VCOS: This isn’t the first time you’ve done West Side Story. Tell me about what you did in past performances.
PATRICK: I was in the Broadway revival and played Indio and understudied for Chino. I was 20 when I joined so I was a lot younger! After that closed I did the first national tour as a swing. So that was from 2011 to 2013.
VCOS: While you were in those versions of the show, were you observing the actors playing Bernardo enough to get an idea for what you would do to play the role yourself?
PATRICK: Yeah, definitely. I think on the tour I played all of the Sharks except for Bernardo, so I got to see different actors have their take on the character, and the whole time that I was watching I had ideas and made choices about what I would do if I ever got the opportunity to play him.
VCOS: Do you see Bernardo as a good guy, a good guy who went bad, a tragic hero, or maybe something else? How do you view him?
PATRICK: As an actor, you have to approach your character the way it is presented within the context of the story, but I think that he honestly is a good human being in doing the best that he can, considering the circumstances. He moved his family from Puerto Rico to America for financial reasons, to better his family and to take care of his family. On the first day he arrived, the script says that he was jumped by the Jets, just because of the color of his skin. So naturally, he builds up this racial resentment towards the Jets because that’s what he was presented with. So he’s acting the way any normal human being would. If it were me, I would objectively look at it and think that not all white people are like that, but he isn’t like that.
VCOS: Here’s an interesting notion about West Side Story. Since the Jets are introduced first, audiences get a pre-determined opinion that they are the protagonists and the Sharks are the intruders and aggressors. Would that be any different if the Sharks were the first ones on the stage and the Jets were the intruders? The audience needs to identify with someone and has to root for one side or the other. It’s hard to look at the conflict between the gangs dispassionately; they have to pick one side or the other and the Jets came first. How does this affect your portrayal of Bernardo?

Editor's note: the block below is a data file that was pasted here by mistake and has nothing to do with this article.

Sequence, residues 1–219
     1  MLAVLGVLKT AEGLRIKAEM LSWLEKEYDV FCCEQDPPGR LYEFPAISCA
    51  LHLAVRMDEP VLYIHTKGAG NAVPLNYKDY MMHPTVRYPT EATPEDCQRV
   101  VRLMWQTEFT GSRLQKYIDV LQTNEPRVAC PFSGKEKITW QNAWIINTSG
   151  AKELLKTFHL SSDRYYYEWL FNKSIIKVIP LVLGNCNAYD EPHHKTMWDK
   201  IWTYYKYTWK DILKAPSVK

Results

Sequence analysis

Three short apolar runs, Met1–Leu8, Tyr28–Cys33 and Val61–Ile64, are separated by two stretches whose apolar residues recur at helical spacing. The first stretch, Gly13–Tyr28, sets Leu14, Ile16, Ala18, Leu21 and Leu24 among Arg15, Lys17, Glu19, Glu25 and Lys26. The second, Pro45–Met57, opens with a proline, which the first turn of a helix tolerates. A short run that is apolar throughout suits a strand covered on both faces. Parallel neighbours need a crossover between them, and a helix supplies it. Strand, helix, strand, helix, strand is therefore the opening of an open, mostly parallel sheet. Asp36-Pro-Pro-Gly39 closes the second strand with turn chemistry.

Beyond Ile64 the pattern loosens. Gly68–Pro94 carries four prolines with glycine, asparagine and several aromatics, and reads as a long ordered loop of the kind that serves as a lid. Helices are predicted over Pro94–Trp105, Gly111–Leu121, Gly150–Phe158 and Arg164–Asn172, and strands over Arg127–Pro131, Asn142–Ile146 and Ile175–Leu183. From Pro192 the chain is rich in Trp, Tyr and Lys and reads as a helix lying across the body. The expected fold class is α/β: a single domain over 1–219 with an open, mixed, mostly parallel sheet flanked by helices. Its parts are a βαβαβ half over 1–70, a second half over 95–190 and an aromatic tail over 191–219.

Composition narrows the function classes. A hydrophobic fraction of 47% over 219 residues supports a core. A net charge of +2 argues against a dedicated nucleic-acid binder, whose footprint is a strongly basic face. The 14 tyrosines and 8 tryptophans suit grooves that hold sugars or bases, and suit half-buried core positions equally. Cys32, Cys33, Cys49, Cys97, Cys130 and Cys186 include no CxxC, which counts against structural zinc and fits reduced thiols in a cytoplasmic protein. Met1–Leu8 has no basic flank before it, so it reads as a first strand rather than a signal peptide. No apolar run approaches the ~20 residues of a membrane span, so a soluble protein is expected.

PATRICK: Part of this is because the Jets have the majority of the stage time, so there’s not a lot of time for the audience to get to know and learn to like the Sharks. We’re only on the stage for fighting, hating, and aggression.
VCOS: Of course, you do see a lighter side to them in the “America” sequence and with Anita and Maria in “I Feel Pretty.”
PATRICK: In the few scenes that Bernardo is in, there are ways where he shows love and caring when he breaks up Tony and Maria kissing at the dance. That’s coming partly from love and protection for his sister. He thinks she’s going to be taken advantage of or raped because he’s not sure what the Jets are capable of doing. So I’m trying to use his aggression as kind of an expression of protection for Maria and that he is still coming from a good place.
VCOS: What does Bernardo think of Chino?
PATRICK: I think he chooses and approves of Chino because Chino is bland and safe and follows rules, so he knows Maria is going to be safe with him. He doesn’t care if she’s feeling love for someone, he just wants her to be safe.
VCOS: Do you see him as proud as well as angry?
PATRICK: Yes, I think so. He has a lot of integrity, being the leader of his group so people look up to him. So he does have that stature of leadership. I’m part Puerto Rican and they have a lot of integrity and pride about who they are and where they come from.
VCOS: What differences are there between this version and the ones you’ve been associated with?
PATRICK: In the revival, there was both English and Spanish used, which was an interesting take, but it’s nice to revisit the classic, standard version. It’s also really nice to have Karl’s choreography, which is his original work, so that’s refreshing. And also, a new, fun part about being in this production is how young the cast is. We’ve got kids who are 18, 20 years old in this show, so it’s refreshing to see their reactions to his story about love and hate because it shows the timelessness of the story and how it’s still impactful, so it’s really cool to see it happening through their eyes.
5-Star Theatricals’ West Side Story opens Friday, July 26 at the Fred Kavli Theatre. For dates and showtimes, see the VC On Stage Calendar.